$25 off CD version, Levels 1 and 2! | $50 both levels!
This two level course provides introductory materials in modern spoken Hungarian, and has been written with the aim of providing learners with a firm control of the basic structure of the spoken language, and a vocabulary adequate to make practical use of spoken and written language in their travels, work and social obligations. In addition, the course should provide the learner a sound background for further development in fluency and proficiency in Hungarian. The course is divided into two levels: Level One comes with 24 CDs and a book; Level Two 26 CDs and a book. And now Hungarian Level One is available in a Digital Edition on CD-ROM, with the recordings in MP3 audio files and the text in PDF format!
Hungarian Basic |
Course Outline |
Hungarian 1 |
The Hungarian Basic Course has been written with the aim of providing learners with a firm control of the basic structure of the spoken language, and a vocabulary adequate to make practical use of spoken and written language in their travels, work and social obligations. In addition, the course should provide the learner a sound background for further development in fluency and proficiency in Hungarian. The course is divided into two levels: Level One comes with 24 tapes or CDs and a book; Level Two 26 tapes and a book. The CD version is new on FSI, and has digitally enhanced sound. And now Hungarian Level One is available in a Digital Edition on CD-ROM, with the recordings in MP3 audio files and the text in PDF format!
The ultimate goal of the course is to speak Hungarian accurately, fluently and easily. The text provides for the assimilation of all basic forms and patterns of the language by the guided imitation, memorization, and manipulation of a large number of sentences and by practice through confronting various common everyday situations. But actual living use of the language in free conversation is a necessary and essential adjunct - thus students are encouraged from the start to use the language in every way possible, above and beyond what is provided for in the text. Only by constant use of the skill they are learning can learners hope to master the language and retain it.
The materials in each of the two volumes of the text are contained in twelve lessons or units. Each unit includes a set of basic sentences intended for memorization. These basic sentences come in the form of conversations or dialogs focusing on common situations persons might find themselves in Hungary. Notes on the Basic Sentences are added occasionally to provide additional background information on a cultural feature unfamiliar to Americans, or to clarify some special difficulty in vocabulary or idiom.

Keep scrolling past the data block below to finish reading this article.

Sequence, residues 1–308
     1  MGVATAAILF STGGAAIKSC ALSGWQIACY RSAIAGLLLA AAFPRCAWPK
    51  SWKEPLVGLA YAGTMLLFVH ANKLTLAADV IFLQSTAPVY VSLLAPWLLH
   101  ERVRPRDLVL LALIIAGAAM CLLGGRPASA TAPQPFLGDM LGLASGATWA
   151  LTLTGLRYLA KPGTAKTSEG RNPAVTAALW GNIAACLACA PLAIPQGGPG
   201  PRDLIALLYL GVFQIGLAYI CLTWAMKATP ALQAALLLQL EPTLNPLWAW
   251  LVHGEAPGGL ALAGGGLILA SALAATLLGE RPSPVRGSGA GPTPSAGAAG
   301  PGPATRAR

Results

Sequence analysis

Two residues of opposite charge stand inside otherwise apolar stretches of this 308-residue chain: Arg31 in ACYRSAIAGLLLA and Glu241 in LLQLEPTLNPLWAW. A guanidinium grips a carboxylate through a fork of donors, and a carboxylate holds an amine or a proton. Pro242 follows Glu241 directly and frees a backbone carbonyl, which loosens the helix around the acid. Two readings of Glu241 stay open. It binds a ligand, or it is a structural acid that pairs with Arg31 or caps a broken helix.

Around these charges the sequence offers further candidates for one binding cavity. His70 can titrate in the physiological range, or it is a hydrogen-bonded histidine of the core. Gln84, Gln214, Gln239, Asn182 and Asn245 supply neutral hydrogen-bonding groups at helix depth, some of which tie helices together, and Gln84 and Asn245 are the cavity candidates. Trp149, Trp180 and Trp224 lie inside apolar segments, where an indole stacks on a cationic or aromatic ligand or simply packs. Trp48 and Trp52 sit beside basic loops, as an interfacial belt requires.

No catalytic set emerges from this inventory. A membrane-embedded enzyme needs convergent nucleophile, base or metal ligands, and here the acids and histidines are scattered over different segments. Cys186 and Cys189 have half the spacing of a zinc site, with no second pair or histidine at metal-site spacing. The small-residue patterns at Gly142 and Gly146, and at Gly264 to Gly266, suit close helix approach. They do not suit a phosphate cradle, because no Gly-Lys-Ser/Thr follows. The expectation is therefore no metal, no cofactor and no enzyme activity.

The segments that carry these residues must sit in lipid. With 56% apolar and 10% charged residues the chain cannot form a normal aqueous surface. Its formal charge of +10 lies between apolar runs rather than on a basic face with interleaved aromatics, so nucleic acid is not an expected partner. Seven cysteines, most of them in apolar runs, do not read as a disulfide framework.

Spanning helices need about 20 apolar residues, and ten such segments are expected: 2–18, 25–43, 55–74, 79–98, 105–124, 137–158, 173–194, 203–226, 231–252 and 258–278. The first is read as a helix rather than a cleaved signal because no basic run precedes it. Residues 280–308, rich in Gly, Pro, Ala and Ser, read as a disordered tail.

Notes on Pronunciation are included in each of the first seven units. Sound, stress and intonation features which have been found troublesome for American students are presented here with explanations and a series of practice drills. The Notes on Grammar in each unit concentrate on those structural features illustrated in the basic sentences considered appropriate for analysis at this stage in the course. The section after the grammatical explanations in each lesson provides for systematic and detailed practice of the new features which compose a particular unit: for instance, the Substitution Drills are designed for exercise in the manipulation of forms through substitution of specific items in fixed sentence patterns.
This practice is intended to build habits of association, so that in a given syntactic environment the appropriate grammatical form automatically comes to mind. A common type of substitution drill used in the drill sections is the Transformation Drill, in which the pattern sentence is changed from one grammatical or lexical category to another. Variation Drills provide for the manipulation of larger syntactic patterns - in each group a model sentence which is underscored serves as a guide. Associated with it are additional sentences that incorporate the same syntactic frame but in which most of the individual word items have been replaced. Vocabulary Drills provide practice in the use of new words and also allow for manipulation of sentence elements; their particular form and arrangement depends upon their association with that vocabulary item.
The manipulation of all these drills as presented in the units is carried out generally with the use of English equivalents. Specific translation drills are also provided, however. In general these exercises supplement the material of the basic dialog in the form of a narrative. In this way they provide content review of the basic sentences and practice in transformation from active dialog to descriptive narration. The Response Drills are question-and-answer-type exercises on the situations of the basic dialogs but are also designed to develop the students ability to give realistic answers to appropriate real-life situations. Conversation practice and additional situations in outline further progress in bridging the gap to free conversation.